As I am beginning to read Judith Roof’s Come As You Are I am thinking about the Eng reading we did, and some of the discussion we had in class around heteronormativity and homonormativity. Something that stuck with me from last class was our discussion around the narrative that sexual encounters are predicated on the assumption that people are looking for a relationship that leads to marriage/children, and how this leads to the idea that a relationship is considered a failure when those things don’t happen. It seems like Roof’s piece ties into this when it talks about narrative needing an ending to make sense. Roof writes “without the expectation of an ending, we have difficulty discerning a story, its pleasures, terrors, lessons, its making sense of things,” I think that radical queerness that critiques marriage disrupts the expected narrative arc, making the lives of queer people (their ‘pleasures, terrors, ways of making sense of things’) more difficult to be read and controlled by the patriarchy. I’m also thinking about my own approach to intimacy, and the things that I have been taught to value in my relationships. I am really interested in thinking more about the ways that we talk about and value different kinds of relationships, and the language we use around relationships and intimacy. I think it is useful to think about narrative to do this, and I’m excited to read more of the Roof piece.
This week’s readings and viewings were somewhat of a challenge for me, mostly because I don’t have a lot of context on narrative theory (or psychoanalysis or queer theory for that matter!), and have never watched the Little Mermaid! That being said, here are some of my thoughts on Judith Roof’s “Come As You Are” and the two viewings:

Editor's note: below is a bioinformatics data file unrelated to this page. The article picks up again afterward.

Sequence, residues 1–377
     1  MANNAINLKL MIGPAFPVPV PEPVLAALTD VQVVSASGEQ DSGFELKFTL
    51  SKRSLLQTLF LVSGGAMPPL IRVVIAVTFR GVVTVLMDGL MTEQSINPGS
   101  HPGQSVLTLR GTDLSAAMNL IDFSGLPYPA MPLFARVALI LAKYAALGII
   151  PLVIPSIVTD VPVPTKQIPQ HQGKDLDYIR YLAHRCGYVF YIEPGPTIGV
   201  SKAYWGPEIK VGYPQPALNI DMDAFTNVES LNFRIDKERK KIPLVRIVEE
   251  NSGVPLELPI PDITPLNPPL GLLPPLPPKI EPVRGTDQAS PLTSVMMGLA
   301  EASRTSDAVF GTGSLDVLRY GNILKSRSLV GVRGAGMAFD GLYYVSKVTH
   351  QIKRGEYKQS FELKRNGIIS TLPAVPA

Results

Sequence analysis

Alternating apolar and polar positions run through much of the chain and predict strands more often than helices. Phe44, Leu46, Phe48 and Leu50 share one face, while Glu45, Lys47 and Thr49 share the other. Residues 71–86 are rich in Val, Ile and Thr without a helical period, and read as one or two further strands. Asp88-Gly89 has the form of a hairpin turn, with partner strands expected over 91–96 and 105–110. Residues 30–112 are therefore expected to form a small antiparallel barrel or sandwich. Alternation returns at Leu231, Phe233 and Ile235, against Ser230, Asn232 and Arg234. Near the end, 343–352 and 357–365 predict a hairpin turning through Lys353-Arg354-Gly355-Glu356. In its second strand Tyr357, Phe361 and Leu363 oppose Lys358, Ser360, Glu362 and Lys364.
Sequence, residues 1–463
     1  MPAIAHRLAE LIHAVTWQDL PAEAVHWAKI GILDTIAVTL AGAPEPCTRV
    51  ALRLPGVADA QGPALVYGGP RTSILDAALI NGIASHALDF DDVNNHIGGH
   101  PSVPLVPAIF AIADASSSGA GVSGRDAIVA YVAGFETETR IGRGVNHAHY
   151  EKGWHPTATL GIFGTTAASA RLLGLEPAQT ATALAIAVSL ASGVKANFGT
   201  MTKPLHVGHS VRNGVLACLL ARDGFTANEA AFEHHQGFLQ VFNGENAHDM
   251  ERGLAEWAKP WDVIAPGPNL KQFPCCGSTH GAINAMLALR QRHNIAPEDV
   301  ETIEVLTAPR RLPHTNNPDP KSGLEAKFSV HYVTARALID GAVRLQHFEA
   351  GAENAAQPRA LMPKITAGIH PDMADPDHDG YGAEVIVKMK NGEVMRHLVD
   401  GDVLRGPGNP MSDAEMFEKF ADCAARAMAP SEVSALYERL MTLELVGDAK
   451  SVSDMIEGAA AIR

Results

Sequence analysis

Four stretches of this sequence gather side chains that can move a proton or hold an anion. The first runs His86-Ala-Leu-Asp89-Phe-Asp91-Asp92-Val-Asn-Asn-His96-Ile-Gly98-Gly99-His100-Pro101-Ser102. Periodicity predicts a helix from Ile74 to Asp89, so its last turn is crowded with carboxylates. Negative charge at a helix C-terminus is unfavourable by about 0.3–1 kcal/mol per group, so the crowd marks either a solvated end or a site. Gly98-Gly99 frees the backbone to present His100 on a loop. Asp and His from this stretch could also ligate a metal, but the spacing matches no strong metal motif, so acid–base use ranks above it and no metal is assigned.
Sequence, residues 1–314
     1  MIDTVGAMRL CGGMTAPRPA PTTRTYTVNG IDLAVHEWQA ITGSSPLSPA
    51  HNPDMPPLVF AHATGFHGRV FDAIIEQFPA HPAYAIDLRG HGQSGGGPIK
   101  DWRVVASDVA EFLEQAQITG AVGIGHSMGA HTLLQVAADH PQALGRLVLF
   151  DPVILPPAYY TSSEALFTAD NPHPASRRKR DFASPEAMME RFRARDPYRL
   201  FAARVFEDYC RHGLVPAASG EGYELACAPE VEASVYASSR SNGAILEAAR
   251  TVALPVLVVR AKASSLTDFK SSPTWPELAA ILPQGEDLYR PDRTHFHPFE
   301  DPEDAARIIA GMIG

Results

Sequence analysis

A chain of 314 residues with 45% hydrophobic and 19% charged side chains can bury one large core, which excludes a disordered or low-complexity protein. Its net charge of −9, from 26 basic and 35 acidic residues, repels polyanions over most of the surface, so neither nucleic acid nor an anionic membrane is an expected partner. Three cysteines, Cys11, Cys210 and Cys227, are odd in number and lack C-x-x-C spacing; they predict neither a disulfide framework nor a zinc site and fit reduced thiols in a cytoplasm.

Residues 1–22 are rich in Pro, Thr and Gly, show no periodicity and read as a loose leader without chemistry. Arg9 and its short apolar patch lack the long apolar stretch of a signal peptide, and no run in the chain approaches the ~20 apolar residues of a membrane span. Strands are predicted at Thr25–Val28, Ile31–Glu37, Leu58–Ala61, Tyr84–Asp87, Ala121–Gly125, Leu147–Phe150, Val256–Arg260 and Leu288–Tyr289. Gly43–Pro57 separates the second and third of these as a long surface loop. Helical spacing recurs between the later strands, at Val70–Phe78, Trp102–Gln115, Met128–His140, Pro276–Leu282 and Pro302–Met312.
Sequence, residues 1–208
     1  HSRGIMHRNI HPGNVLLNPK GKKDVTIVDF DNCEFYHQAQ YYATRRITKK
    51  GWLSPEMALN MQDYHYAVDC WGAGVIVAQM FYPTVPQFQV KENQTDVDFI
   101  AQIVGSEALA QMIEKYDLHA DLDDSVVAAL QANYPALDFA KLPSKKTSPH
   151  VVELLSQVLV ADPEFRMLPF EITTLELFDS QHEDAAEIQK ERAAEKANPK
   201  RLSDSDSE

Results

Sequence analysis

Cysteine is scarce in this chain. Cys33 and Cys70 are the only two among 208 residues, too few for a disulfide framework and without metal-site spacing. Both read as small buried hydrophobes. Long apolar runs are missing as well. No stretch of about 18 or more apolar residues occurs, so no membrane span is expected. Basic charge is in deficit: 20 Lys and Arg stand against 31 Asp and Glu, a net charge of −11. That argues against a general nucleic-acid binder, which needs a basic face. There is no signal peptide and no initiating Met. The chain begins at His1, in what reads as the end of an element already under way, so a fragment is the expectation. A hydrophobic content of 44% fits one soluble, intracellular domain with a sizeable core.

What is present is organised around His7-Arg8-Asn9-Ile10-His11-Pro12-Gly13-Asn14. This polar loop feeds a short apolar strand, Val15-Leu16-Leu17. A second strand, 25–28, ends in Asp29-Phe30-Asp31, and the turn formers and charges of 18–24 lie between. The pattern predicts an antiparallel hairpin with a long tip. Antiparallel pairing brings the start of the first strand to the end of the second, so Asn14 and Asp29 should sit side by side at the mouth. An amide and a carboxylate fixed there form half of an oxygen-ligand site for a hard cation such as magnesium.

- When I first watched Moonlight, I felt a slight sense of confusion or dissatisfaction at the end, like maybe I had missed something. After reading Roof’s discussion on endings, I understand my reaction as a response to the narrative I have been constructed to expect: one with a clear, climactic ending, involving sexual climax, death, or a related metaphor.
- One of the most poignant understandings I gained from Roof’s piece is the role that homosexual and deviant sexual behaviors play in the middle of a narrative, as the heterosexual ending is re-inscribed. This is an important critique on the way homosexual sexuality, when it is portrayed as such, continued to uphold the necessity of a heterosexual, reproductive end.
- I felt confused about the connections drawn at the end of Roof’s piece to capitalism. I understand the commodification of queer identity, but still have questions about the ties to narrative.
- In relation to “Be Prepared” from the Lion King and “Poor Unfortunate Souls” from The Little Mermaid, Roof’s arguments are really interesting. Scar lays out a clear end—the deaths of Mufasa and Simba—that will lead to the coming story where he is the King. We anticipate this ending, even as we know it will not happen. In “Be Prepared,” Ariel chooses to participate in devious behavior—using the magic of Ursula, a non-normative character in terms of gender portrayal and sexuality—to take her to the inherent end—heterosexual matching and potential reproduction.
All of this made me think about our class, “Queer Narratives”—now that we have begun to unpack what a narrative is, I’m excited to deepen my understanding of how we understand and use the word queer.